Bricks In the Feniton Area


Long Park
Escot House





                 








When Exeter’s trade with the Netherlands was at its height in the 17th and early 18th centuries, ships returning to Devon were commonly loaded with mixed cheap cargoes including bricks, which acted as ballast on the journey home. Dutch bricks were much smaller than English ones, and were often cream or fawn in colour, contrasting with the red bricks of Devon, so they can easily be distinguished nowadays.

Many examples of such bricks can be seen in the buildings and garden walls of Topsham, close to the quays where they were unloaded. They are found in smaller numbers at Exeter and in the neighbouring villages and towns.

The cottages and the Escot estate properties built by the Kennaways have red brick with white or cream bricks as decoration. The Kennaway family were merchants and I wonder if the white bricks used to build Escot House, dated 1838 rebuilt after the fire, came from trade with the Dutch. One other house in the area has a white brick, which is Long Park, near the railway station. A fine example of the red brick with white is Colesworthy House built by the Wheatons c. 1890, but sadly now it is painted white, and the fine brickwork is lost. A recent owner came from the North and hated all the brick back to back housing, so had it painted. The Talewater Brickyard was part of the Escot estate.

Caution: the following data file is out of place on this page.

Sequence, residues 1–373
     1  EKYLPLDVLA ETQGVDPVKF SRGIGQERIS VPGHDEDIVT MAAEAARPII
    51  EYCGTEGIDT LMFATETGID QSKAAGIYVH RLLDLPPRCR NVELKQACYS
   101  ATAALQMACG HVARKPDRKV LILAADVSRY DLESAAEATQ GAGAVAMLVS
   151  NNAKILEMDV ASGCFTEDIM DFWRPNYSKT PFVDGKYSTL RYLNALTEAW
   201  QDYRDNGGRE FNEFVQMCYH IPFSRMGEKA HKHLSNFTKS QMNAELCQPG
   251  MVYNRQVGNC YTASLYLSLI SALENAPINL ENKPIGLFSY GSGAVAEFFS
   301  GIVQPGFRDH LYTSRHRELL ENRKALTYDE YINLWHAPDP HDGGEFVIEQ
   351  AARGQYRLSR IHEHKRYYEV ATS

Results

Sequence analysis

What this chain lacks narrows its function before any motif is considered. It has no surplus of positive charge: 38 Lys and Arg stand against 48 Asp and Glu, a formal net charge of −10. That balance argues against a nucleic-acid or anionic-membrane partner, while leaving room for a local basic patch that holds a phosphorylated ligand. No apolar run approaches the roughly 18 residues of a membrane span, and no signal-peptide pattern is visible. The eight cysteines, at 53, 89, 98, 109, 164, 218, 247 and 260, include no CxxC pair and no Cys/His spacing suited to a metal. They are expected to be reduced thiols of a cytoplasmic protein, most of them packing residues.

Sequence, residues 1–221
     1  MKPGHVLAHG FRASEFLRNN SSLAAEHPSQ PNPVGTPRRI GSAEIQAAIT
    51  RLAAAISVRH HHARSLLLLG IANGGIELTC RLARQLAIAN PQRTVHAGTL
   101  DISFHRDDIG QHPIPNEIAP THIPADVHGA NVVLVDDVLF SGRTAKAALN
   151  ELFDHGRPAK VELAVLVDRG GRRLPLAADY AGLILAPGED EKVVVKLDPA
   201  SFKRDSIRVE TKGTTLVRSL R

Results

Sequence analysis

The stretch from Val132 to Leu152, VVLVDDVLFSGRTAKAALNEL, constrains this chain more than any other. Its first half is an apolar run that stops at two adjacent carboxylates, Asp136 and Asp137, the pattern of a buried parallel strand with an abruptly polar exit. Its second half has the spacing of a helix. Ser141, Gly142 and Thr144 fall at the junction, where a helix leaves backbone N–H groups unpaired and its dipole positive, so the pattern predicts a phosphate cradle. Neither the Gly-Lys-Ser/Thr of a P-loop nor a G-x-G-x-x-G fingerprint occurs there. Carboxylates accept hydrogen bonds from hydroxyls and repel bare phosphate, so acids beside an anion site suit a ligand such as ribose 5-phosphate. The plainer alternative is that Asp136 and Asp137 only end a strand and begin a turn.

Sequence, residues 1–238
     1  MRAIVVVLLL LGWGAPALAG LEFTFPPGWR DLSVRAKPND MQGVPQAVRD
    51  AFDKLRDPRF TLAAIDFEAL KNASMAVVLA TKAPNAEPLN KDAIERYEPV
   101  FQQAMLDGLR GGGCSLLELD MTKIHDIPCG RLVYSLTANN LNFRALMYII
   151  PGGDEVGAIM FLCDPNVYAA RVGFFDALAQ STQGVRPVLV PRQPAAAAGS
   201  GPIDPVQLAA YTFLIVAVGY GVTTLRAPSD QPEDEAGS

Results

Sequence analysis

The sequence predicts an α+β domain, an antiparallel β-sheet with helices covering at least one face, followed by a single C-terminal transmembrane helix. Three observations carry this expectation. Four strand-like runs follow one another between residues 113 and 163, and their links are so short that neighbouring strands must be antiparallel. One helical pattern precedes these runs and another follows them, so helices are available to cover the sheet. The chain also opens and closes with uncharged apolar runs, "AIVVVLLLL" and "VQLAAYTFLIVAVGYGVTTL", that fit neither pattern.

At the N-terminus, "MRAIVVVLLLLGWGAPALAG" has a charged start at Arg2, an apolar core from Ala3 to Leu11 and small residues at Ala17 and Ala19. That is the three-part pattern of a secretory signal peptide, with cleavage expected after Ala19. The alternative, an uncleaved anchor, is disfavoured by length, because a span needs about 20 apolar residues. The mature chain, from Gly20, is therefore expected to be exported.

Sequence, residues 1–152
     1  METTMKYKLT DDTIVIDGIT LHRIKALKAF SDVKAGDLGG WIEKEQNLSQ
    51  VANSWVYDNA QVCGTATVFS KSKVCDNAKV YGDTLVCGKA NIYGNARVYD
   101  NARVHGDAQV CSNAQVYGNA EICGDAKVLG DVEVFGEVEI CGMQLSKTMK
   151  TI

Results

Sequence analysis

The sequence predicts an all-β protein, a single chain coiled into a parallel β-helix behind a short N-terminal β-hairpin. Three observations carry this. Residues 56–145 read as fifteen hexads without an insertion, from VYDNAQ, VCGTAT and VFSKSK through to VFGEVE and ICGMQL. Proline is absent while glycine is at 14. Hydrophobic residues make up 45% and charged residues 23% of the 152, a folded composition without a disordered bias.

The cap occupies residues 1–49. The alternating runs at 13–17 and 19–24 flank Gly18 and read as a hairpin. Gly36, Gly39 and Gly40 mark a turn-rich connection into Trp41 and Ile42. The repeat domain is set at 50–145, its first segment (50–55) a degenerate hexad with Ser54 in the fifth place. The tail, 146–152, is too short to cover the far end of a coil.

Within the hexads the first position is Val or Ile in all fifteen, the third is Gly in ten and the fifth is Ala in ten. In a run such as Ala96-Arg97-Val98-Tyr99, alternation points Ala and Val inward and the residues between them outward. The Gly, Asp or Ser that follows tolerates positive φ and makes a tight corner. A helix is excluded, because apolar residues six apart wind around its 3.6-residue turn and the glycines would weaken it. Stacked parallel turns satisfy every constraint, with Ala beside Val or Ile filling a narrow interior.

A seem of white ball clay runs across the county from Peters Marland to Newton Abbot. The white clay was used in the making of fine pottery, china pipes, for tobacco. The less valuable stoneware clays to produce the pale cream bricks that are a feature of many West Country buildings, as well as drain pipes, chimney pots and wall tiles - notably Candy & Coin of Heathfield, near Bovey Tracey, Hexter Humpherson in Newton Abbot and the Marland brick works in North Devon. http://www.clayheritage.org/pages/welcome.htm

W.G.Hoskins in his book “ Devon” states that brick was very rare in Devon. George Rolle rebuilt Stevenstone in St. Giles in the Wood in the 1540s using brick. Brick was not used in any quantity until the 1690s.

The Customs House on Exeter Quay is of red brick, built in 1681, one of the oldest brick buildings.

There is a field in Strete Raleigh, near Whimple, called “Brickfields” a look at the old tithe map for that area may be useful. There were brickworks on the way out of Ottery St Mary up Chimeway.

Jo Chown received a Christmas Card from a distant relative called Raymond Harris who Alan Powell knows too.  In the card they included an old photo of the family and said it had been taken in front of 'Bricklands' now Appletree Cottage behind the Nog Inn.  I don't know if this is of any interest but will try to get to the next meeting and bring it with me. I do know that there is a considerable seam of very dense clay which runs in front of Myrtle Cottage which one could easily make bricks from! [Jo. Chown]

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